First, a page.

View user's profile Send private message Send e-mail Visit poster's website AIM Address Yahoo Messenger
beltmann
Studio Exec


Joined: 26 Jun 2003
Posts: 2341
Location: West Bend, WI

PostPosted: 01.24.2005 2:26 am    Post subject: Reply with quote

Danny Baldwin wrote:
beltmann wrote:
Ford Transit is a marvelously informative and entertaining documentary about a taxi driver in Palestine.


I see it's playing on Sundance, so I'll probably tune in sometime. By the way, has anyone else looked at the channel's KILLER lineup next month?


That's where I saw it (although if I remember right it did play at UWM last semester). I'll check out the Feb lineup right now!
_________________
"When I was in Barcelona they showed pornography on regular television. I'm assuming it's the same way in Mexico since they also speak Spanish." - IMDb user comment
Back to top
View user's profile Send private message AIM Address
mfritschel
Cinematographer


Joined: 27 Jun 2003
Posts: 143
Location: Port Washington, WI

PostPosted: 01.24.2005 2:57 am    Post subject: Reply with quote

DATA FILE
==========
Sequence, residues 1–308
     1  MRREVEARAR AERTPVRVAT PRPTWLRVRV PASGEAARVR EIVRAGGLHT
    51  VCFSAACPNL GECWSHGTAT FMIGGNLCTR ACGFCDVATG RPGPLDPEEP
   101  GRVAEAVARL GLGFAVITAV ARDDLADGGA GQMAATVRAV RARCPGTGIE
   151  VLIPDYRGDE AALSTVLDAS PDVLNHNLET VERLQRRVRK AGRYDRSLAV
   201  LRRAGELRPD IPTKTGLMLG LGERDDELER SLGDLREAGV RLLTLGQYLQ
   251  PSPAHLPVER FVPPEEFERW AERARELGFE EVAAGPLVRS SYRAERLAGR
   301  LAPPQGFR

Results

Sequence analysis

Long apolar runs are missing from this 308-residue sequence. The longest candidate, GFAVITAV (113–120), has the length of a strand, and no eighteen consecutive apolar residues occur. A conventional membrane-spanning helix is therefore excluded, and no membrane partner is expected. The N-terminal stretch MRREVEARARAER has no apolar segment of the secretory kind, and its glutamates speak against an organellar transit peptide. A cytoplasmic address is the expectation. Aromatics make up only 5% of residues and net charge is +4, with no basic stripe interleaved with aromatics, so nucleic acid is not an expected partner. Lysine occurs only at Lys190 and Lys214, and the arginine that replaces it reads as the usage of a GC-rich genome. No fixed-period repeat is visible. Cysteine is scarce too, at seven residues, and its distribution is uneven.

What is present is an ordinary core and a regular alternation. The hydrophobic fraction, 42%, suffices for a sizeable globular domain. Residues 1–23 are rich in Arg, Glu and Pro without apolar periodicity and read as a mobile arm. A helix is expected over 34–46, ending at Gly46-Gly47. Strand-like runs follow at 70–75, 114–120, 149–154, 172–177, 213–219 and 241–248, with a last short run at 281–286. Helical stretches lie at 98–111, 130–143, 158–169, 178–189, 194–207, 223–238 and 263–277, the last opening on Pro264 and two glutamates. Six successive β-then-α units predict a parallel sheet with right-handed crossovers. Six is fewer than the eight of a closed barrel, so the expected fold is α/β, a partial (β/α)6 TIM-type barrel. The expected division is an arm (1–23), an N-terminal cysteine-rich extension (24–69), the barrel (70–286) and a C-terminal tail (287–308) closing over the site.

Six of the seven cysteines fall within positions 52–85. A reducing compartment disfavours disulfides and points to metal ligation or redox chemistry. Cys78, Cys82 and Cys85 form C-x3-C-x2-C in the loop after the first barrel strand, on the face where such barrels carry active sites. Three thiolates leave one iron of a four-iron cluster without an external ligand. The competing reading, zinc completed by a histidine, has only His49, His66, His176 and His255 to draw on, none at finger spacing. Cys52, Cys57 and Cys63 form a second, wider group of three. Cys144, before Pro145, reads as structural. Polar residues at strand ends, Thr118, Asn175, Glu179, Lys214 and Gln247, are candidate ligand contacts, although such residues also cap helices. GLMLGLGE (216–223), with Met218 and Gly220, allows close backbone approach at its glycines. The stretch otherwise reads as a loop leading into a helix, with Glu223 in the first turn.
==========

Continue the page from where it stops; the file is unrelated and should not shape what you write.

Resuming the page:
Sickness equals time to watch more movies, in preferential order -



Hotel Rwanda (George, 2005) - I was a little hesitant at first simply expecting another Schindlers List, but the movie was very powerful and moving on its own accord. Much so because of its focus on the family, rather then trying to cover the entire genocide. Also, I felt the movie does an excellent job of developing an underlying sense of doom in the beginning as it move closer and closer to the rebellion.

Rio Bravo (Hawks, 1959) - Simply put a very entertaining western, a classic of the western era.

Infernal Affairs (Lau, Mak, 2004) - Well developed crime thriller, that the more I think about really seems that much more well put together.

Napoleo Dynamite (Hess, 2004)

Warriors of Heaven and Earth (He, 2004)

Time of the Wolf (Haneke, 2004)
Back to top
View user's profile Send private message AIM Address
Display posts from previous:   
This forum is locked: you cannot post, reply to, or edit topics.   This topic is locked: you cannot edit posts or make replies.    Flipside Movie Emporium Forum Index -> Movie Talk All times are GMT
Goto page Previous  1, 2, 3, 4, 5, 6 ... 44, 45, 46  Next
Page 5 of 46

 
Jump to:  
You cannot post new topics in this forum
You cannot reply to topics in this forum
You cannot edit your posts in this forum
You cannot delete your posts in this forum
You cannot vote in polls in this forum


Powered by phpBB © 2001-2007 phpBB Group